National Botanic Garden Kilmacurragh

I visited this garden at Kilmacurragh, County Wicklow in Ireland for the first time in April 2021. There is evidence that the garden was part of a Monastic community going back to the 13th century as a church is believed to have occupied a site to the east of the present estate house, now in ruins.

The estate at Kilmacurragh was home to generations of the Acton family for almost three centuries. The construction of their estate home, began in 1697 of a Queen Anne style architecture. Two elegant wings were added to the original structure in the 19th century.

This magnificent, mature gardens of assorted trees and plants from around the world was developed extensively in the 19th century by Thomas Acton in conjunction with David Moore and his son Sir Frederick Moore, Curators of the National Botanic Gardens at that time. This was a period of great botanical and geographical explorations with numerous plant species from around the world being introduced to Ireland for the first time.

The impressive entrance to the estate is a long winding roadway lined with mature conifers, rhododendrons and well-kept lawns.  Arrived at the spacious parking area to begin my morning of exploration. The Coffee shop with rolls, sandwiches cakes and soft drinks was mentally registered for my return from my walk.

I ventured in the direction of the walled gardens which were unfortunately close at this time. Straight ahead, on the outside of the stone garden wall, a gradual stepped path led into the distance. A huge Yew Tree acted as a roundabout at the start of the path. Left and right an array of flowering rhododendrons displaying their deep red flowers, the mass broken by white and pink blooms. I stopped for a while and took in the atmosphere, the quiet and the sounds of nature. A call from a seagull overhead caught my attention, but then, we are not that far from the east coast at Wicklow.

Rambling around I headed down Rhododendrons Avenue. Quite spectacular. These bushes were all of thirty feet in height bowing over to create a tunnel effect inviting you to take a stroll down nostalgia lane. The pathway was quite wide, and as explained to me this was to allow for the wide dresses the ladies wore back then, so that two could pass one another when out walking. I can only image the colour of the pathway when the flowering rhododendrons started to shed their petals.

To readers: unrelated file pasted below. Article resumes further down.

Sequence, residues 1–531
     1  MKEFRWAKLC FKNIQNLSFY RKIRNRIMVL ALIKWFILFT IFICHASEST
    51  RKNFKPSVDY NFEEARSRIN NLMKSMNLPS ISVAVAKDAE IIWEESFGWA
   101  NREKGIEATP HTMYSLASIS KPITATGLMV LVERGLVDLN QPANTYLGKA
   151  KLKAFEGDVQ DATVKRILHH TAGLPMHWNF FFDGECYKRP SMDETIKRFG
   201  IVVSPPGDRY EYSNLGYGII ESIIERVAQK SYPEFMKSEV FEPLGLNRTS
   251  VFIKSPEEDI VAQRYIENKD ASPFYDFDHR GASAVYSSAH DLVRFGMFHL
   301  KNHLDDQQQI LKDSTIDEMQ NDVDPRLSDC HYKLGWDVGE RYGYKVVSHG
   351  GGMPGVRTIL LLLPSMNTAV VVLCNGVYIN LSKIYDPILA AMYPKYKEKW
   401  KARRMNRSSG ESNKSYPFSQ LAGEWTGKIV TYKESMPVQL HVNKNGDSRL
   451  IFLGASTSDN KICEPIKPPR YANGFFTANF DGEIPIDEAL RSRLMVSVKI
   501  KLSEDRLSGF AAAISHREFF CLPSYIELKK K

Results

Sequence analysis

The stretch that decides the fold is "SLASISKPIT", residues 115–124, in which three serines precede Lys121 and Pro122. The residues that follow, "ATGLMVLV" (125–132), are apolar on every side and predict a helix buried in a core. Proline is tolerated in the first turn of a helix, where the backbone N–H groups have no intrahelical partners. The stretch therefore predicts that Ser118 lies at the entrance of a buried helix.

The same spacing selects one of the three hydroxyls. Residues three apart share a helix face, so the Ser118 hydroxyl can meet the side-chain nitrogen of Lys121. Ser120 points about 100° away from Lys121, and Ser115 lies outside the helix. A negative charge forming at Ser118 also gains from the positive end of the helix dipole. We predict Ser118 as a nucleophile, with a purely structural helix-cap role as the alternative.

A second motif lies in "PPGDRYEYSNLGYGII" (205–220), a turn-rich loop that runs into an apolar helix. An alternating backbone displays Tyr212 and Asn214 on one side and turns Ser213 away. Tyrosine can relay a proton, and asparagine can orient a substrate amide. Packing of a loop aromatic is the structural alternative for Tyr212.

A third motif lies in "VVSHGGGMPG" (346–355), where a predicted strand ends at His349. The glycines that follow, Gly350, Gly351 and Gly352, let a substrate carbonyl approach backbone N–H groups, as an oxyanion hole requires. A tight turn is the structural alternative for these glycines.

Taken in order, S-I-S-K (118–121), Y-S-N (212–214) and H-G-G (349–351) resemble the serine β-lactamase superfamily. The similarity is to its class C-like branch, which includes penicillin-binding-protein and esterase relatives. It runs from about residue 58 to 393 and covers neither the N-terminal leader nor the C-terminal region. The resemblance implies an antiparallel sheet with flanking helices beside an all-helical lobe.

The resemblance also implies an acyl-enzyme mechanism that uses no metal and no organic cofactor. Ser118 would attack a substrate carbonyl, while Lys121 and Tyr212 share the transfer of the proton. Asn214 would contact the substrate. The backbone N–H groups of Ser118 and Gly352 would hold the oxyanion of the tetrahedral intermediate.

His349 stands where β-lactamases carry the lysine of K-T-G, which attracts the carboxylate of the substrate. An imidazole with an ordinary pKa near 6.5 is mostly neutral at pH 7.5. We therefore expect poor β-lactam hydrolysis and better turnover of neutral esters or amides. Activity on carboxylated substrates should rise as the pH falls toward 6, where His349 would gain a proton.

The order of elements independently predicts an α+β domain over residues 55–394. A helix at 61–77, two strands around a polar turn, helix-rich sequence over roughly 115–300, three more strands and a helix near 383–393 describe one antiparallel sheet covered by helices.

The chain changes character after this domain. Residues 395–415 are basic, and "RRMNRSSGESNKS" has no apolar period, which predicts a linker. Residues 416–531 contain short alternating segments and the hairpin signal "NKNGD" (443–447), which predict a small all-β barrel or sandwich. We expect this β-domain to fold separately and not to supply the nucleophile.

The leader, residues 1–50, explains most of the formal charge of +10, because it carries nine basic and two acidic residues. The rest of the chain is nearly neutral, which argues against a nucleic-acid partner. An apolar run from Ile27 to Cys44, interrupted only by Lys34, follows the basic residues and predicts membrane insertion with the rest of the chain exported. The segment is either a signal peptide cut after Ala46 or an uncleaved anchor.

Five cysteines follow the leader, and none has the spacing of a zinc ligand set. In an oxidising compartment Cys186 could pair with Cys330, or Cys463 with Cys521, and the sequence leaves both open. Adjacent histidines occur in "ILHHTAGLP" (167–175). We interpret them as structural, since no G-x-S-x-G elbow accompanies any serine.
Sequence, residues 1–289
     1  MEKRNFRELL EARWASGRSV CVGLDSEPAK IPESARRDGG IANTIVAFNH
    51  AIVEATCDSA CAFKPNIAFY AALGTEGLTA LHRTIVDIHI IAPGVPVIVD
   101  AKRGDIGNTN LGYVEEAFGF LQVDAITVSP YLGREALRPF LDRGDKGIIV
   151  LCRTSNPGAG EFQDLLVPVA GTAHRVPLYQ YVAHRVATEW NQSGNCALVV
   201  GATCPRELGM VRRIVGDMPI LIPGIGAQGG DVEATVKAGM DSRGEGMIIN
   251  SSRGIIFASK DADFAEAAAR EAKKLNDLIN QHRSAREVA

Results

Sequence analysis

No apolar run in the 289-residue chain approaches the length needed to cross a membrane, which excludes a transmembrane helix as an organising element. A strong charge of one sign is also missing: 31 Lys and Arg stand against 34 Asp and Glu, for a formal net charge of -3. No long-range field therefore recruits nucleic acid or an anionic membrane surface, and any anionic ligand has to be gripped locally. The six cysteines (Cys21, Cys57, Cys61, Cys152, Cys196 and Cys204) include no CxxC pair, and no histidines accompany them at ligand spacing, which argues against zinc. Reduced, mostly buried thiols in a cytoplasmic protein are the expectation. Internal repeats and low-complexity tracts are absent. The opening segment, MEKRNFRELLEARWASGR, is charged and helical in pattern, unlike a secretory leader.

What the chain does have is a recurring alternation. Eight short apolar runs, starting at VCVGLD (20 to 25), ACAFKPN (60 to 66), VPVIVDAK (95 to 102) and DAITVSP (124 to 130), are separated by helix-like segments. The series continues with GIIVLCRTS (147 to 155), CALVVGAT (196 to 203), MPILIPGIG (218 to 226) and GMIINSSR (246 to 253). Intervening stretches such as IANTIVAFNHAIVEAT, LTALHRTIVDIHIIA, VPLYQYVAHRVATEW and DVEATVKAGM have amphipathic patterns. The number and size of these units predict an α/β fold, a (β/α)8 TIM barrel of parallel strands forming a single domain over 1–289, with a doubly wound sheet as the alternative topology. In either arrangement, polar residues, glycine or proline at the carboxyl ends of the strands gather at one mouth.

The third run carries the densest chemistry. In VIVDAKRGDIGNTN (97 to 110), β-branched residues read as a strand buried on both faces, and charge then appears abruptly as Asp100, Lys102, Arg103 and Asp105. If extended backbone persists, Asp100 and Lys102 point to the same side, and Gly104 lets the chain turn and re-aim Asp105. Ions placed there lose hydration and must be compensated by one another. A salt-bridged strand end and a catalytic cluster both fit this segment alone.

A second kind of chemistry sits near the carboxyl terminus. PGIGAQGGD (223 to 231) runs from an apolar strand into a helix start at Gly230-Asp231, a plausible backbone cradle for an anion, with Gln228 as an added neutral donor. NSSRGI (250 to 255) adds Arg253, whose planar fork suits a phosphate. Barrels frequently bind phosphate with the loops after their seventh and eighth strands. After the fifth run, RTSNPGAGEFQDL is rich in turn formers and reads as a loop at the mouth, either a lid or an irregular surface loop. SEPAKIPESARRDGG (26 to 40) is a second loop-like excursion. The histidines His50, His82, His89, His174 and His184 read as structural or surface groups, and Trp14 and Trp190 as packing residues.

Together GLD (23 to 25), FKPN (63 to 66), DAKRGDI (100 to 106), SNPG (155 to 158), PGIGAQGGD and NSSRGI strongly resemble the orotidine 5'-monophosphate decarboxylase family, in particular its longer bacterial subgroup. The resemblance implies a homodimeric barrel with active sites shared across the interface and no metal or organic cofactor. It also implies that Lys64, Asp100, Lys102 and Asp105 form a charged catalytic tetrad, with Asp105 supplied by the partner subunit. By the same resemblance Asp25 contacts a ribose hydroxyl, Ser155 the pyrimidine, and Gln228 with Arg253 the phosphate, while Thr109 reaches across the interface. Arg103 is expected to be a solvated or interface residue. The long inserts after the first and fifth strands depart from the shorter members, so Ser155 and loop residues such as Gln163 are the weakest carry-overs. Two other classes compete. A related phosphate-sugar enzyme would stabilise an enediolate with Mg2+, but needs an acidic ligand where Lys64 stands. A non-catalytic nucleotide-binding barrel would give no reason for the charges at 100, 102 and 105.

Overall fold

To the front of the home, and to the south, is a long avenue sloping gently towards a pond before rising up to the hills beyond. There is a concealed divide here called a “Haw Haw Wall” which is a recessed landscape design element, stemming back to the 18th century, that creates a vertical barrier while preserving views in the general landscape. This one was constructed to keep the deer out of the garden. You won’t see it until you are at it!

On the far side of the pond was a vividly purple / blue rhododendrons (Augustinii) that stood out from everything else. It’s delicate flower construction was so beautiful. I then turned along the Yew Avenue where in part the Yew trees created an arch for you to walk through. Towards the end of the avenue and Camellia tree was in fresh bloom. A Japanese Fir was pealing its bark and its catkins were getting ready to drop their seeds.

Headed back towards the ruined estate house through more of the impressive flowering rhododendrons and rounded the ruin to the east side. The grass expanse stretching out in front of me was wild meadow. There were the remnants of the Crocuses, now gone over, and my guide, Mary, explained these crocus beds were about 200 years old. Must have been a stunning sigh only a few weeks before. A backdrop to this grass expanse was a massive Japanese Cedar. I thought initially it was a wood of cedar trees but Mary informed me it was one tree and it grows out like this. (see image)

Japanese Fir

I sat around for a little bit absorbing this “silent space”, the sweet smell of fresh, scented air where I could be at one with nature for a short while. Then I remembered that coffee dock. A coffee, a nice piece of cake would bring me back to the real world and top off such a wonderful experience in this new garden I have discovered, a hidden gem in the beautiful mountains of Wicklow. It’s no wonder Wicklow has earned the name “Garden of Ireland”.

Address:  National Botanic Gardens, Kilmacurragh, Kilbride, Co. Wicklow, A67 YR12

Web Site:

The Gardens are open daily:
Summer (mid-Feb—Oct)  Mon—Sun: 09:00—17:00.  Last entry at 16:30
Winter (Oct 27—mid-Feb)  Mon—Sun: 9:00—16:30